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Lesson Plan

Happily Ever After? Exploring Character, Conflict, and Plot in Dramatic Tragedy

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Happily Ever After? Exploring Character, Conflict, and Plot in Dramatic Tragedy

Grades 9 – 12
Lesson Plan Type Standard Lesson
Estimated Time Four 50-minute sessions
Lesson Author

Haley Fishburn Moore

Hopkinsville, Kentucky

Publisher

National Council of Teachers of English

 

Overview

Featured Resources

From Theory to Practice

 

OVERVIEW

How would the story have changed if Romeo had received the letter? This lesson encourages students to pick a turning point in a tragedy and show how the action of the play would have been significantly altered had a different decision been made or a different action taken. Students use a graphic organizer to analyze the plot of the play. They identify a turning point in the play, alter the decision that the characters make, and predict the characters’ actions throughout the rest of the play. Students create a plot outline of their altered play and present their new stories to the class. Teachers can test students’ content knowledge and understanding of conflicts within the play while also challenging their creativity and their understanding of plot. This lesson focuses on Shakespearean tragedy, but it can be used with any tragedy that students have read or as a book report alternative.

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FEATURED RESOURCES

Drama Map: Use this online tool to outline the characters, conflict, resolution, and setting of the story.

Plot Diagram: Students can use this online tool to outline the events of a story.

Ideas for "Happily Ever After" Presentations: This handout offers suggestions for presentations of students' alternative endings to a tragedy, but the ideas are adaptable for other literary presentations as well.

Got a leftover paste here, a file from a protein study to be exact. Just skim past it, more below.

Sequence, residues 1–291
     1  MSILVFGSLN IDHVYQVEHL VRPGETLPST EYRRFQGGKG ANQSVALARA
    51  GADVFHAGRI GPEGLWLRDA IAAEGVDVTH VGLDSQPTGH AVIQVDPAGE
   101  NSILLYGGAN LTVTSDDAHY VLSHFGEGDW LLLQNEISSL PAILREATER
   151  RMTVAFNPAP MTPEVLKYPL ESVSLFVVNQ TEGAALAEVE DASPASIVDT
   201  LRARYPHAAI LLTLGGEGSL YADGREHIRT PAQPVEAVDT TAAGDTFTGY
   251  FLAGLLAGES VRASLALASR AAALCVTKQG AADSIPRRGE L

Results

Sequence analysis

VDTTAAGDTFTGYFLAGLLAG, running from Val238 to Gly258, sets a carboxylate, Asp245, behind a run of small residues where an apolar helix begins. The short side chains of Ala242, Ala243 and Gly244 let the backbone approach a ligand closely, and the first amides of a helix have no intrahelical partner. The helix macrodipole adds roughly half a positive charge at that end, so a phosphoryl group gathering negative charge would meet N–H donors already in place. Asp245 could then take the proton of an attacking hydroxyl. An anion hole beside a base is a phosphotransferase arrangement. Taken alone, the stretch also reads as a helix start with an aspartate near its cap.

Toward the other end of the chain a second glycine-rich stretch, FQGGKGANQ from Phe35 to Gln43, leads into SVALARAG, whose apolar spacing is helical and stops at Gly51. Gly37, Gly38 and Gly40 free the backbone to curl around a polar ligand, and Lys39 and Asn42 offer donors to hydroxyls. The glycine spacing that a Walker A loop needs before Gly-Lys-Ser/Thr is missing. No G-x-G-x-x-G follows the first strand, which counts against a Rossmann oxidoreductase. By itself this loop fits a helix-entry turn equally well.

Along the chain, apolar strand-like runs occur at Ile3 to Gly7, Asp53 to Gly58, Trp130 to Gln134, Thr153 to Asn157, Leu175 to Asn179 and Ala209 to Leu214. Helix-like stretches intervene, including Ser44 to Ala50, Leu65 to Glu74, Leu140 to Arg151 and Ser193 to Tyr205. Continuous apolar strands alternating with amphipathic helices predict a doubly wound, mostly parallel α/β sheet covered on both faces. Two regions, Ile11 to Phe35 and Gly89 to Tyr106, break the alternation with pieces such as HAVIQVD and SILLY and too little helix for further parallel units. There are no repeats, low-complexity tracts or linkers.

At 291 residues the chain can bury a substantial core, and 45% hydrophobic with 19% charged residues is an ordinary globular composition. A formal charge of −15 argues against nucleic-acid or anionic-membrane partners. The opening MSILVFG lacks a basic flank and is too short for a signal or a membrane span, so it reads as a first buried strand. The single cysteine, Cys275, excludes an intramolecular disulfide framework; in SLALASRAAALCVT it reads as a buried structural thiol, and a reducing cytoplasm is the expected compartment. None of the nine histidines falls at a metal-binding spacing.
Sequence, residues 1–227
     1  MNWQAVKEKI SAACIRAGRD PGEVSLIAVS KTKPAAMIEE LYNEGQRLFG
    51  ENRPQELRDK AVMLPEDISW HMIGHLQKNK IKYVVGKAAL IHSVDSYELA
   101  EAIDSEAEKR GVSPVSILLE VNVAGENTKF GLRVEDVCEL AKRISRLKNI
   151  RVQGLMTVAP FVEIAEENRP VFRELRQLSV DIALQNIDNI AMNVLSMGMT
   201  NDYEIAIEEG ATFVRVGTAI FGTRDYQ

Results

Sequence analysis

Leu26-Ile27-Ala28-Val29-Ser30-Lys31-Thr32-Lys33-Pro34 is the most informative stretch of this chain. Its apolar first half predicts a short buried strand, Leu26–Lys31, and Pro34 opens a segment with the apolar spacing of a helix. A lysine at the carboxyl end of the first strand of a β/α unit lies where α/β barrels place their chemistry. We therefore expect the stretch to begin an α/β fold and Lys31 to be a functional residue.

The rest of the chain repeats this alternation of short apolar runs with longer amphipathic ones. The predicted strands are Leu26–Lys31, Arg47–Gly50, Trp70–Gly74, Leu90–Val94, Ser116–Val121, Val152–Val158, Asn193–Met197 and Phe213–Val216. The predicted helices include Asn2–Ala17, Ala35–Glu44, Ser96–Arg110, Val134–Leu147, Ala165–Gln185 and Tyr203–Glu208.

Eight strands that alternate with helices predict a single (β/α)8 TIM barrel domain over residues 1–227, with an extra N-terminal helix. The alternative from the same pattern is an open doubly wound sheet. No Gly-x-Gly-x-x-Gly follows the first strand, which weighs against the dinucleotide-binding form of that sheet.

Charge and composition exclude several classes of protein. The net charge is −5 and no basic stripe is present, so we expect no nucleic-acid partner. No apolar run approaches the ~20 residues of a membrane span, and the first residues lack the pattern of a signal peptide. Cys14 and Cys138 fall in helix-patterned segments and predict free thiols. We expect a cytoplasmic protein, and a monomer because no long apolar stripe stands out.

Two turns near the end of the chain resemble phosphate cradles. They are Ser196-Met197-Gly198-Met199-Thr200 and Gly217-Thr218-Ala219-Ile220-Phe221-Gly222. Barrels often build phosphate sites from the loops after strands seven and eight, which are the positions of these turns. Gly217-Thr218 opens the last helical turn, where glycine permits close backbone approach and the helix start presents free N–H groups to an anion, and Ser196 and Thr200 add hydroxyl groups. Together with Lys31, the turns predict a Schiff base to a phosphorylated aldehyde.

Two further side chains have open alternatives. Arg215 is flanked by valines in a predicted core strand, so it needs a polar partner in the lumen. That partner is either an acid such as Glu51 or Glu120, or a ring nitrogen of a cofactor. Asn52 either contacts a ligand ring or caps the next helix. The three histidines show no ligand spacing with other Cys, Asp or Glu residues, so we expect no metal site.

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FROM THEORY TO PRACTICE

As Mary Maloney Toepfer and Kara Haubert Haas explain, process drama give students the opportunity to engage directly with a piece of literature in ways that allow critical thinking and encourage exploration. Toepfer and Haas explain that "According to Jeffrey Wilhelm and Brian Edmiston, leading practitioners in the field, process drama is ‘creating meaning and visible mental models of our understanding together, in imaginative contexts and situations. It is not about performance, but exploration' (xx)." Through this exploration, process drama works as a "tool by which students assume the persona of characters in a literary text and improvise what the characters might say and how they might react in challenging situations" (30). In this activity, students not only must assume the role of the characters, but they must also think through the influence that the decisions that their characters make play on the overall plot of the drama.

Further Reading

Toepfer, Mary Maloney, and Kara Haubert Haas. "Imaginative Departures with Two Shakespearean Plays." English Journal 92.5 (May 2003): 30-34.

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